Haggis, Neeps and Liberalism special: Dramatic independence referendum duel in London and Edinburgh

It’s been a torrid few days in Scottish politics.

Since the SNP won an overall majority in the Holyrood elections last year, there has been much talk of the independence referendum they pledged to have in the second half of their term. They have been tight-lipped on their plans.

There has been uncertainty on the legality of such a referendum. Even respected legal blogger Lallands Peat Worrier, himself an SNP supporter, has expressed that the terms of the Scotland Act may not allow it. And amid all the bluster of this blog post from senior SNP strategist Stephen Noon is a recognition that a referendum run on the current arrangements would be open to challenge.

It is very difficult to imagine a Labour Secretary of State for Scotland offering to help the SNP out by giving them the power to hold the referendum. Relations between the two Governments between 2007 and 2010 ranged between hostile and toxic. In contrast, the Coalition Government and Liberal Democrat Secretary of State for Scotland Michael Moore have sought to meet regularly with Holyrood counterparts.

It’s with this background that  Nick Clegg visited Scotland last Friday and upset the SNP who, according to the Scotsman,  complained he’d called them “extremist”. In fact, he positioned the Liberal Democrat position as mainstream, and the positions held by both Conservative Party and SNP at opposite extremes:

All the evidence suggests that is the mainstream of opinion and the extremists are those who either think that we need to yank Scotland out of the United Kingdom tomorrow, or those who say there should be no further change at all.

Then the next day, David Cameron told Andrew Marr that he was going to “settle” the confusion around the referendum on independence. It is difficult to overstate the incendiary effect of an English Tory Prime Minister making these sorts of comments in Scotland, especially when his advisers then brief about imposing an 18 month time limit for the Scottish Government to hold the Referendum. The Guardian reported that  Nick Clegg  intervened to make sure that this time limit idea never actually saw the light of day.

Michael Moore made a statement to the Commons yesterday outlining the UK Government’s belief that the Scottish Government did not have the power to hold the referendum. Rather than dictate terms, he launched a consultation, open to all Scots to have their say on how they felt the referendum should be run. His tone was conciliatory, as Hansard tells us:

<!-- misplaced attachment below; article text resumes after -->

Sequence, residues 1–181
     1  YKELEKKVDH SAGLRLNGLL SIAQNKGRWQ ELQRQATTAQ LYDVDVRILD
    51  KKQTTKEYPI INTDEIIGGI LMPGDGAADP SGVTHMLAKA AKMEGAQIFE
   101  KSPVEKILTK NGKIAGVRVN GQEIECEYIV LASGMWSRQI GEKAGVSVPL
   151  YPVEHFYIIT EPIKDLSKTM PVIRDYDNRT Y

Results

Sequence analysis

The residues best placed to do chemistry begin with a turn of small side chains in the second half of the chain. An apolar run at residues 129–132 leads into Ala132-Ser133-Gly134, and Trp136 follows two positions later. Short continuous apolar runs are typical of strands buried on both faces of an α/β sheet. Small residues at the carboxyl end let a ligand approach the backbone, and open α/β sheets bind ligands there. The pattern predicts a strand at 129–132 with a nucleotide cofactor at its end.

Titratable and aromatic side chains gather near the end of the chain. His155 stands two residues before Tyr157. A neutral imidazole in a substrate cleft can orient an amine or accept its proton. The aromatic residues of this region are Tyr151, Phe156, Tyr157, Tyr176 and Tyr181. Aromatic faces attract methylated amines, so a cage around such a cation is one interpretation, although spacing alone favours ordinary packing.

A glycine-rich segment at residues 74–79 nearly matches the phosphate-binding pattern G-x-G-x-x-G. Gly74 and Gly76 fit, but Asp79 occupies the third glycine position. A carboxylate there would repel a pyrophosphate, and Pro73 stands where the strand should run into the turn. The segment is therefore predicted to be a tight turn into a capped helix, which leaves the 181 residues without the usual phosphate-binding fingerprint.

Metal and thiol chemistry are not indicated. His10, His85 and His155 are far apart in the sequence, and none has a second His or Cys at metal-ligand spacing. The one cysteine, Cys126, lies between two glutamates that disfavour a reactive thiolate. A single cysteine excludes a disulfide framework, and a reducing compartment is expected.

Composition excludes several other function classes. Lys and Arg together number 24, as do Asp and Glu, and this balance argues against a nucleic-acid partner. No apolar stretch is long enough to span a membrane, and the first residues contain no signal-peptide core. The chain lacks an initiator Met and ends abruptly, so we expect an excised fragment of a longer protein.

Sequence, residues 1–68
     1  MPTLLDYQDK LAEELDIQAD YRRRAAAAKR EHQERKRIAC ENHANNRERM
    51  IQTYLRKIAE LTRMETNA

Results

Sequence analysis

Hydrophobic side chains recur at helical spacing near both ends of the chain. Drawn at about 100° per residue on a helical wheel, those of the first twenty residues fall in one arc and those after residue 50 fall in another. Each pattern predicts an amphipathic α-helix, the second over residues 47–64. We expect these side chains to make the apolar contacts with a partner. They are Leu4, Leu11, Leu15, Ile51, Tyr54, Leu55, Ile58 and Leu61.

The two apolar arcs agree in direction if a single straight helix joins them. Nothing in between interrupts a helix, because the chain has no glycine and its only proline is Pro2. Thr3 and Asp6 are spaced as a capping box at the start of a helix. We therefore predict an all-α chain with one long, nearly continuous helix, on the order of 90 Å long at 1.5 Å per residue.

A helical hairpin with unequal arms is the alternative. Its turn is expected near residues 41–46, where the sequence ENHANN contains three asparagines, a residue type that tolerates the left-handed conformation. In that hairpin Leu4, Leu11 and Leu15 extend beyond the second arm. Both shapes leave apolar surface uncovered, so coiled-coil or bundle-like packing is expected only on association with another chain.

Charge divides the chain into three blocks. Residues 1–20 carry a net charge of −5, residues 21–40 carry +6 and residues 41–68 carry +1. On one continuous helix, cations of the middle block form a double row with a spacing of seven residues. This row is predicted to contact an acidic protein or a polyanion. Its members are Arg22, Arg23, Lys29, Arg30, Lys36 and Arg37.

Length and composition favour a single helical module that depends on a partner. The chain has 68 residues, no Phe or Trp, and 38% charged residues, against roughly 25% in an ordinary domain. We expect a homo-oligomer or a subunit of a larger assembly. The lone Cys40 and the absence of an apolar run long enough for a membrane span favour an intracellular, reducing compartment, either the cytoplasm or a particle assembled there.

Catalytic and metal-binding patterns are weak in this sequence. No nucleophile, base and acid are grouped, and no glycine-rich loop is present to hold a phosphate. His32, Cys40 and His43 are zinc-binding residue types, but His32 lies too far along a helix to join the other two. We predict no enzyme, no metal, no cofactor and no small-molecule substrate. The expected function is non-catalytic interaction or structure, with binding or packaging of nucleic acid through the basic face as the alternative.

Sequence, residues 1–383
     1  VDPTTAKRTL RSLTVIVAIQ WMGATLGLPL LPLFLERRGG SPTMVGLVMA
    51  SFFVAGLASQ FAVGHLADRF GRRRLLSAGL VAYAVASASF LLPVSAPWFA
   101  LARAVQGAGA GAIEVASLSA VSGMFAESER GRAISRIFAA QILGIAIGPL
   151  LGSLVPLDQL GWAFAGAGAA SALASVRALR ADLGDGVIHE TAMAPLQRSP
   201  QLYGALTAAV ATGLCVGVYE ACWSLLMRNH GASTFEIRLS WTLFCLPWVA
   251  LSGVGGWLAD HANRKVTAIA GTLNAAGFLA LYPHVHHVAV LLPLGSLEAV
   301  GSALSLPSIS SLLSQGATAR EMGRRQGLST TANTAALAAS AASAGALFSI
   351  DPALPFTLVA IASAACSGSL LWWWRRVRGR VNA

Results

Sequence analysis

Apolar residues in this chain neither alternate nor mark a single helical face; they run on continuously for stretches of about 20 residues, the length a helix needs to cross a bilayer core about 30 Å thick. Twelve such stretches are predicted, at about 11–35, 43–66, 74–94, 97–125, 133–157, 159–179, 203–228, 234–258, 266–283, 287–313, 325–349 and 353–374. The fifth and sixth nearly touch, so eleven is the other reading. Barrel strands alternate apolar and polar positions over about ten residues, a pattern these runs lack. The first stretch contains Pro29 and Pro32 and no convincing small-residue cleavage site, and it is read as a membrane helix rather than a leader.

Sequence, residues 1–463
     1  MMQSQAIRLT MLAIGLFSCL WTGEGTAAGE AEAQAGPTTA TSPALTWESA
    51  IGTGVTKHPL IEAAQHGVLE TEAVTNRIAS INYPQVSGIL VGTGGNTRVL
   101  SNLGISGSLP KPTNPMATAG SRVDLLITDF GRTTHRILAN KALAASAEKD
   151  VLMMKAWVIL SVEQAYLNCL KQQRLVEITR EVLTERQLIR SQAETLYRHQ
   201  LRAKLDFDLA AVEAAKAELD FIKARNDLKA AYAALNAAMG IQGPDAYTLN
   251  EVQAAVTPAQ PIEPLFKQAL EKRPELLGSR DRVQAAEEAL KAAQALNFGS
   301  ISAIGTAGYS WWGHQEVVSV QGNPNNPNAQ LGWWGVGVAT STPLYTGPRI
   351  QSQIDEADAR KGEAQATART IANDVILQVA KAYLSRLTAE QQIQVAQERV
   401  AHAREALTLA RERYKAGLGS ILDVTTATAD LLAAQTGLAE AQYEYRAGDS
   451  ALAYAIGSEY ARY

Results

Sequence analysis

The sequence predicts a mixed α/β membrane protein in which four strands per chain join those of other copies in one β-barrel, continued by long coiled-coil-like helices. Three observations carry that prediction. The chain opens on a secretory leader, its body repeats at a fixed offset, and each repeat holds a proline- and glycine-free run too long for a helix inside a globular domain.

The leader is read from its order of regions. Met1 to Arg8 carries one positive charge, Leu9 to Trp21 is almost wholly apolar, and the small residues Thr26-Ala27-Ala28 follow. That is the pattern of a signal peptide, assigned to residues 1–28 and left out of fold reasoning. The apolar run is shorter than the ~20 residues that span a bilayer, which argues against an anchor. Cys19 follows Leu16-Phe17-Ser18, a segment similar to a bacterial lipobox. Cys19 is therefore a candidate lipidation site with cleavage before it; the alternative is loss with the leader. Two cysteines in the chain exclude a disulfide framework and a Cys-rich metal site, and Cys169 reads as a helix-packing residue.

Given the clear legal problem that exists, we want to work with the Scottish Government to provide the answer. This is not about the mandates of Scotland’s two Governments, or about who calls the shots. It is about empowering the people of Scotland to participate in a legal referendum. That means that the UK Government are willing to give the Scottish Parliament the powers to hold a referendum, which it cannot otherwise do legally. As well as being legal, however, a referendum must be fair and decisive.

Alex Massie in the Spectator described Moore’s statement as “clear, composed, sensible and modest”. Further praise came from Alan Cochrane in the Telegraph:

Mr Moore made a good fist of things yesterday. His tone was conciliatory, measured, reasonable and, above all, it presented what looked like a cast-iron legal case for allowing Mr Salmond to conduct a binding referendum

There was more drama to come, though.

While Moore was still in the Commons, in what can only be seen as a deliberate attempt at upstaging him, Alex Salmond appeared on various news outlets to announce that he intended to hold the referendum in the Autumn of 2014. This seems to have caught the SNP MPs still in the Commons by surprise and showed little regard for the Parliament to which he is accountable and who might have expected to hear such news first.

Timing is one of three main differences of opinion on the running of the referendum which will need to be resolved. The UK Government fears lack of inward investment into Scotland if the poll is delayed. And a cynic might argue that if it were held next year, the rosy Britishness from the Diamond Jubilee and the Olympics will still be hanging around. That same cynic might argue that in 2014, Scottishness would be at its premium following the 700th anniversary of the Battle of Bannockburn and the Commonwealth Games in Glasgow.